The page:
Yer my kind of guy--a DIYer. Keep us posted with photos of the results.
“A gun is a tool, Marian; no better or no worse than any other tool: an axe, a shovel or anything. A gun is as good or as bad as the man using it. Remember that.” Alan Ladd as "Shane," 1953.
In summer months i would stand with a tree or trees as my background or amongst low lying bushes using a reversible (green side out0 military WW2 poncho...keeping the face covered and hands and shooting at the last second when they are in too close to effectively get away.
You can get camouflage burlap or whatever material it is and wrap yourself in it or cut out openings for your arms.....that is the cheap way out and you can find that military stuff they use to cover vehicles or cannon with-not sure what it is called. The trick is wear brown or green underneath it..and bingo you should be in business....those $5.00 brown cotton jersey gloves are great for your hands...you can get face camouflage pretty cheap too....whether as a mosquito netting or just use that tube stuff....
The best gun is always the one you have with you!
"If money can fix it, it ain't broke" The great theologian and my crow hunting partner AW.
Just a thought: you mentioned the potential for it blowing about too much. That made me think of event banners stretched above streets. They usually have slits or partial flaps cut into them to reduce their blowing about. Consider that mod if flapping becomes too much of a problem.
Here are a few pictures of my semi-portable blinds. The sheet spray painting was too much effort for me, so I bought camo material -- some actual blind material and some great hardwood pattern at Jo-Ann Fabrics. Then, I stapled to 6 ft. furring strips - they were about 60 cents for 8 footers - I cut down to 7 foot at an angle so they have a point, and end up with a 1 foot stake for tying down with camo ropes as needed to sturdy them.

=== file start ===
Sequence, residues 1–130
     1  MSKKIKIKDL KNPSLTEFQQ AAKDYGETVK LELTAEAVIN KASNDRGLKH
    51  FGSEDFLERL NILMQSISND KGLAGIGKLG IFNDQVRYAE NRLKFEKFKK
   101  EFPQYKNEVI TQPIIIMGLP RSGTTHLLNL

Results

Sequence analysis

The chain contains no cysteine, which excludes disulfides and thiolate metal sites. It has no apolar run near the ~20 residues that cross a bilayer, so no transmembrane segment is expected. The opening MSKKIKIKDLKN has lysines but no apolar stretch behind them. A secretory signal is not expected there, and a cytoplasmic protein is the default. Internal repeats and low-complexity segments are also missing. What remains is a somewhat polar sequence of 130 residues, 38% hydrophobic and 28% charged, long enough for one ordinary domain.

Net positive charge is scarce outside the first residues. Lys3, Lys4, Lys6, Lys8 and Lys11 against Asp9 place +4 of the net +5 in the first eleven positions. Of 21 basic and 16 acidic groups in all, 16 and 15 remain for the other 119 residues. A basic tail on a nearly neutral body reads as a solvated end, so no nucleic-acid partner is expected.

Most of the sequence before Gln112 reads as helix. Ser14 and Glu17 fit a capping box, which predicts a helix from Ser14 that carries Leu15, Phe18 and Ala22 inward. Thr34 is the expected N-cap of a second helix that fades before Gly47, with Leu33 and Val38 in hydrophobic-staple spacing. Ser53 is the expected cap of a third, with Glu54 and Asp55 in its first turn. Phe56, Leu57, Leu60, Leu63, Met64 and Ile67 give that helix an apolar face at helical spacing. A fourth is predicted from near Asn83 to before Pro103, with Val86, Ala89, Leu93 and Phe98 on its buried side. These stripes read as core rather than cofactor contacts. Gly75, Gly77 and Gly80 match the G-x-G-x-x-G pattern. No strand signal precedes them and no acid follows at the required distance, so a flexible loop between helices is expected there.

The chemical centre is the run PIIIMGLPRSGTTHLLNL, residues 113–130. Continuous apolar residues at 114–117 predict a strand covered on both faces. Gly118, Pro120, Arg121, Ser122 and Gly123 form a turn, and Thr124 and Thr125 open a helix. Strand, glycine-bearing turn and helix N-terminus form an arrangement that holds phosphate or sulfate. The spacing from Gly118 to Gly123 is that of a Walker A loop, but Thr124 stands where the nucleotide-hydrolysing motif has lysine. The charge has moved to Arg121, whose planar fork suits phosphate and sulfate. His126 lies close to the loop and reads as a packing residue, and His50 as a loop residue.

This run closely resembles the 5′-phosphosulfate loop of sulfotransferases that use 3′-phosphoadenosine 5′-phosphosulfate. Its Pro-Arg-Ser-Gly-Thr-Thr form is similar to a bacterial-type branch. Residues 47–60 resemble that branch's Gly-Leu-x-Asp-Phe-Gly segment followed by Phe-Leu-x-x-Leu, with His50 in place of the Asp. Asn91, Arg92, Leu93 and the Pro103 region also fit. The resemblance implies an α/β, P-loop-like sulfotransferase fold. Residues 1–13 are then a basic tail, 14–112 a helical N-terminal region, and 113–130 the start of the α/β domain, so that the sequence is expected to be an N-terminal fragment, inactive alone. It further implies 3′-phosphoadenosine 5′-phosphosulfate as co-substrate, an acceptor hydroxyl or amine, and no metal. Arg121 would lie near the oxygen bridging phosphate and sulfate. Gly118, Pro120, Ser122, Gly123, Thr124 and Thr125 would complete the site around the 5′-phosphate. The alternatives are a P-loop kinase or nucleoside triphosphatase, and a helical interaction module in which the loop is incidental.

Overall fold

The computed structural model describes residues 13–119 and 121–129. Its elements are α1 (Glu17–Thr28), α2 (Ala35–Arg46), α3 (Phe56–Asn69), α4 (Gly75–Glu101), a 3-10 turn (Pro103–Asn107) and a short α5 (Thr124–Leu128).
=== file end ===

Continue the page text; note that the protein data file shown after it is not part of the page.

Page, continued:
I also take some of wife's tall grasses once they are dead for the season and weave and zip tie them into the material to give them pre-brushed in look. I did cut semi-circles into the purchased fabric for wind flow.
I've got about four of these, about 10 feet long when they're done and I can roll them up. I can set them up ahead of time and brush them in better, or carry in over my shoulder and brush in in the field. About the right size for 1-2 hunters.
More brushing in the better. My problem is that I usually don't hunt crows until after deer season in mid December through end of March, and there is little to brush in with -- mostly bare hedgerows and edges of woods, and the crows are more educated by then. I want to try some September hunting this year while there is better cover and dumber birds!
A SUPER 90 and a crow in range, life is good. A good sandwich and bag of M&Ms doesnt hurt either.
Patterns look pretty good. You also might consider checking out some of the recycle sites they have on Yahoo. People are looking for someone to take their stuff that is still good but they do not want the hassle of selling it. Got a working toaster oven that way for curing paint on my jig heads. But drop cloths might be around and they are definitely thicker might already have some pattern on it already too.
When you talked about how the sheet got stiffer when you painted it, you reminded me of something that some people did back where there was not all this high tech or customized hunting clothes. They would get their hunting pants and paint the front of the leg so that it would stiffen it so that they would act like chaps do. Never tried it as we would just wear long johns under our pants and hope the stickers did not hurt too much. When I think about how much things have changed I wonder how our young ones will get along if things ever get really tough.
"When you have shot one bird flying, you have shot all bird's flying. ...the sensation is the same, and the last one is as good as the first." E. Hemingway "Fathers and Sons"
How many bandits have perished thanks to your new cam0?
"There is never a wrong time to do the right thing"
Just how I like them "low and slow"